Archive for the ‘Canada’ Category

Leah and Maria have taken the kids out for breakfast this morning to their new found favourite breakfast place, Stacks, who have delicious breakfast potatoes that all the kids love.  So here goes, I’ll try to catch up on some blogging.

We’ve read some fantastic books on our travels.  Bede has devoured the Artemis Fowl and Wimpy Kid series earlier in the trip, followed by the Percy Jackson series more recently.   We’ve tried to read books relevant to each place we travel as our bedtime books.  In Africa we listened to Born Free, Living Free and Forever Free by Joy Adamson.  I loved these stories about Elsa the lion as a kid and the boys really enjoyed them.  We were thrilled to discover that our new friend Maggie was born in Kenya and knew the Adamsons and had even met Elsa.

We didn’t find books about Cambodia that were suitable for the kids to read but we’ll keep a look out when we are home from our trip.  We were able to find lots of books about Italy and had read plenty before embarking on our trip, which allowed Bede and Emmett to “recognise” some of the famous features at Pompeii and in Rome.  I had not expected to find that we learnt even more about the Romans in England but this certainly did happen when we visited Arbeia Fort, where we picked up this little book.

It follows the story of an 11 year old captured by the Romans in Northern England.  We read about the process of building a Roman road, the one in the book eventually becomes Hadrian’s wall.  Emmett was fascinated by the descriptions of Roman and Celtic armour and weaponry.

In between chapters of other books we’ve also been reading these:

My only complaint is that they are LONG fairy tales, with no chapters, so I find myself reading for hours, to Emmett’s great pleasure but to the detriment of sleep and my blogging!  It’s good to meet the characters of Irish mythology though and imagine them in the places we traveled in Ireland.

We have also been finding about about Robert the Bruce in this story:

Bruce spent many years on the Islands on the west coast of Scotland, where we traveled, so we could imagine the bleak terrain described in the book very well.   I also liked the way this book began by discussing the differences between fact and myth and mentioned through the book which parts of Bruce’s life were certain to be true and which were likely to have been embellished over time.  Being six, Emmett was also fascinated by the ways myths can be “lies” or “not true” and yet can be true in our imaginations.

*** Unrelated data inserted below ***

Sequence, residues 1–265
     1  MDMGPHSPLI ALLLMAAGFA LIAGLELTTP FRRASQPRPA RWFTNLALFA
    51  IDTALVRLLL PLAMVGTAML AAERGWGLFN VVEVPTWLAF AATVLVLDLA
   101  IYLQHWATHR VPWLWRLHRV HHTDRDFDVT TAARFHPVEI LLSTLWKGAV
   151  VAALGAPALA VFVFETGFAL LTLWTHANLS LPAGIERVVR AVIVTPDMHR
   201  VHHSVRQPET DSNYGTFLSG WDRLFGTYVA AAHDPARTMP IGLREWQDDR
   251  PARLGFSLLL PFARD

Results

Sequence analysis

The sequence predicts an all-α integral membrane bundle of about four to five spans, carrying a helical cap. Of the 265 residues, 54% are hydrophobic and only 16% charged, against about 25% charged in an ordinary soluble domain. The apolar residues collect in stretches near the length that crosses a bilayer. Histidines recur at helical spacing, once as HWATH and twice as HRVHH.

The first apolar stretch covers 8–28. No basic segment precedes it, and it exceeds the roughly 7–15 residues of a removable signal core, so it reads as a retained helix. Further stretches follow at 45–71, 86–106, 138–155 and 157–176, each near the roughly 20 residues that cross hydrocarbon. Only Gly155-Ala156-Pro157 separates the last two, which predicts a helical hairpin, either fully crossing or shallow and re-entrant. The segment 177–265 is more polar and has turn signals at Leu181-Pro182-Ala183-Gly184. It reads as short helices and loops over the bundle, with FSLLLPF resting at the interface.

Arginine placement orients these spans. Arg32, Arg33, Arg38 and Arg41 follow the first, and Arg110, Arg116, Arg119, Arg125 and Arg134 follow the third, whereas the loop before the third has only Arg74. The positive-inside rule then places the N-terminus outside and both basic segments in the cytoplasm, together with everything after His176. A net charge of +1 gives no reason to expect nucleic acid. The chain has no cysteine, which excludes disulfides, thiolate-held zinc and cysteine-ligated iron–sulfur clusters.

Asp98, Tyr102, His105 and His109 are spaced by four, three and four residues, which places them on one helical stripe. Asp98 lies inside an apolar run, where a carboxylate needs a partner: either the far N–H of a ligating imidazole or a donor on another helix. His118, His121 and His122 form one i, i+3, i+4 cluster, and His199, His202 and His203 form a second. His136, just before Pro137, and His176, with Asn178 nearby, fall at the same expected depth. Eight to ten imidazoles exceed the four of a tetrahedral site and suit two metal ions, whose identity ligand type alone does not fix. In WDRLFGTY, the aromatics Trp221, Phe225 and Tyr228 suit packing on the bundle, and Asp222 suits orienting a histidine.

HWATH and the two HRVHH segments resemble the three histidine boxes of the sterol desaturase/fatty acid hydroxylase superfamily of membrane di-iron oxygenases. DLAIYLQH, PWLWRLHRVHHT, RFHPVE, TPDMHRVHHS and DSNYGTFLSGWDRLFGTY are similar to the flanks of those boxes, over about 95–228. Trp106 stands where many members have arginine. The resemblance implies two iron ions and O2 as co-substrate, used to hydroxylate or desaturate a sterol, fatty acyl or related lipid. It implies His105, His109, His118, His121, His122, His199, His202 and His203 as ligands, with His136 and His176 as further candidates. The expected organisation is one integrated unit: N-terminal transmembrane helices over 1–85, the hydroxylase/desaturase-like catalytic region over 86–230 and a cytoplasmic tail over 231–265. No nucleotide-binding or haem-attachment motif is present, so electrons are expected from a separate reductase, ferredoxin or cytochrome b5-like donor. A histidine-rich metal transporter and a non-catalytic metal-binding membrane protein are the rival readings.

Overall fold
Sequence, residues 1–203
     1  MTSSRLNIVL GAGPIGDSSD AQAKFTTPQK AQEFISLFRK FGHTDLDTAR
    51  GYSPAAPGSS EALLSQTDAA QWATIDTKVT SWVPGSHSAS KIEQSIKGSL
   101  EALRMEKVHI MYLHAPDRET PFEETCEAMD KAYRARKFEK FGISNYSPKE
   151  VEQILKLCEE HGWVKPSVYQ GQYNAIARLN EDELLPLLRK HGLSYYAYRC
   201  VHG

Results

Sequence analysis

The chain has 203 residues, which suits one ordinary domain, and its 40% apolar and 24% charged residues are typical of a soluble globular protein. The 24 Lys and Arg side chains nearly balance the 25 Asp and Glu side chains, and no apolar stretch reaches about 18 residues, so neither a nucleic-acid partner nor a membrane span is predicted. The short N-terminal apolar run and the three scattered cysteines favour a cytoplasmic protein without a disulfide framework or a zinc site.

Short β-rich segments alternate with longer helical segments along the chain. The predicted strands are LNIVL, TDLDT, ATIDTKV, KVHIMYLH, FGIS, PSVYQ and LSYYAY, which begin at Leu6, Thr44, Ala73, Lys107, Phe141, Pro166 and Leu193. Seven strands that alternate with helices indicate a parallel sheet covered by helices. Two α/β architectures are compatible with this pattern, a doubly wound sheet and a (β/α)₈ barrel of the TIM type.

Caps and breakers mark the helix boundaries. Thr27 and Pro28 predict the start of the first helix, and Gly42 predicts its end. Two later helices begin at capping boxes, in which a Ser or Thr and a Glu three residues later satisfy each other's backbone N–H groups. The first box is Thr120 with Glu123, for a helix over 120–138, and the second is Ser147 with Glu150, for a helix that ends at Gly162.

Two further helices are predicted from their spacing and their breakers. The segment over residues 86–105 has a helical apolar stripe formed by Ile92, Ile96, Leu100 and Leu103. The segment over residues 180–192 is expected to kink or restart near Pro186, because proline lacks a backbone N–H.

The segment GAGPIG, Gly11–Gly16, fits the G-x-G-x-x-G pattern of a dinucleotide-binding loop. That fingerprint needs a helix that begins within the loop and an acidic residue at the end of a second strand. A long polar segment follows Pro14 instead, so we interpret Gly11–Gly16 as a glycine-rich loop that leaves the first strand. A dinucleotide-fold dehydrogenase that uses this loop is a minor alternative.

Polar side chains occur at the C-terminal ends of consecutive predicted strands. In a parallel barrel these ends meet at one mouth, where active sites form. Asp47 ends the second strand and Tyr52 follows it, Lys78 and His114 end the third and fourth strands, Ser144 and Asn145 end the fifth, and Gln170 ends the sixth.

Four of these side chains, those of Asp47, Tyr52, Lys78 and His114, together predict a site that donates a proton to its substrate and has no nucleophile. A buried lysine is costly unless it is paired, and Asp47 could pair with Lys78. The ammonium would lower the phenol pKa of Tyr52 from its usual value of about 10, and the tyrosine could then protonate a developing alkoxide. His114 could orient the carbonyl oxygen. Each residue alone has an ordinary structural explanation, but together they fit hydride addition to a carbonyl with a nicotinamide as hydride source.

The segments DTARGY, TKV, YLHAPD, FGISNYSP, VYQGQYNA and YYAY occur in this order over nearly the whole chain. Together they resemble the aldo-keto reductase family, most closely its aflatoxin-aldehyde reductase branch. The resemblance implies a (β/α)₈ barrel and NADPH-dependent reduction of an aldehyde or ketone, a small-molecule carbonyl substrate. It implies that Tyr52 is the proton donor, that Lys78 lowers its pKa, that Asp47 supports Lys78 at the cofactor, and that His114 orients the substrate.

Meanwhile, both Leah and Bede have been reading books with labyrinth in the title, which I found amusing, but Leah says hers is not as good as Bede’s.  Bede had just finished this Rick Riordan when I took the photo and managed to convince me to buy the fifth book in the series by paying me the difference between hardcover and softcover price (it’s not out in softcover yet).  He then read it overnight the night we left Vancouver and left it in our room along with the other books photographed which we’d finished with.

I’ve had more reading time this year than during most of the last ten years when I’ve been combining rural general practice with heavy on call commitment with parenting little kids and often studying for post graduate qualifications, which has meant most of my books have been rather dry medical tomes.  Unlike all the other house officers in my first year of medicine I was parenting a teeny prem baby and so was even more sleep deprived than the average new doctor and never quite fitted in reading “House of God” the 30 year old American story of the intern year of medicine.

It’s a pretty macabre book, but doctors can develop fairly warped senses of humour and I certainly recognised many of my colleagues in this book.  The list of medical specialties graded by lack of interaction with the actual patient was hysterical.  I happen to prefer the kind of medicine where one does know one’s patients but I may still need to copy the list to refer to on challenging days in general practice!

I also read the “Life of Pi” which linked into our travel quite well as Pi explores three major religions: Christianity, Hindu and Islam and we have spent time in countries shaped by each and all of these this year.

I also have my suspicions that surviving and even thriving after six months on the world highway with 3 kids may be almost as much of an odyssey as surviving alone in a liferaft with a Bengal tiger….

Vancouver Aquarium


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The Sylvia Hotel and Vancouver

We are staying in the Sylvia Hotel in Vancouver on the recommendation of online friends (thanks Jen).  What a wonderful base for exploring Vancouver!  The hotel was built in 1910 for the original Sylvia, it has since been home to a famous cat called Mr Got to Go who inspired two children’s books.  It is right on the waterfront in English Bay, which I was fascinated to see was covered in forest until the 1860s so this area was settled by the English about the same time as New Zealand.  On arriving at the airport the only car we all fit in was a limo – to the boys’ delight!

A limo!

We are loving having a full kitchen and to our amusement find the small hallway joining our bedroom and kitchn an amazingly useful extra space after living in a tiny van for 10 weeks!


Emmett loves this place.  He wanders along the seawall picking blackberries, is fascinated by the raccoons, squirrels and skunks and is enthralled by the possibility of seeing a coyote.  He manages to end up in the waves whether we’re intending to swim or not.



Contented boy (and geese)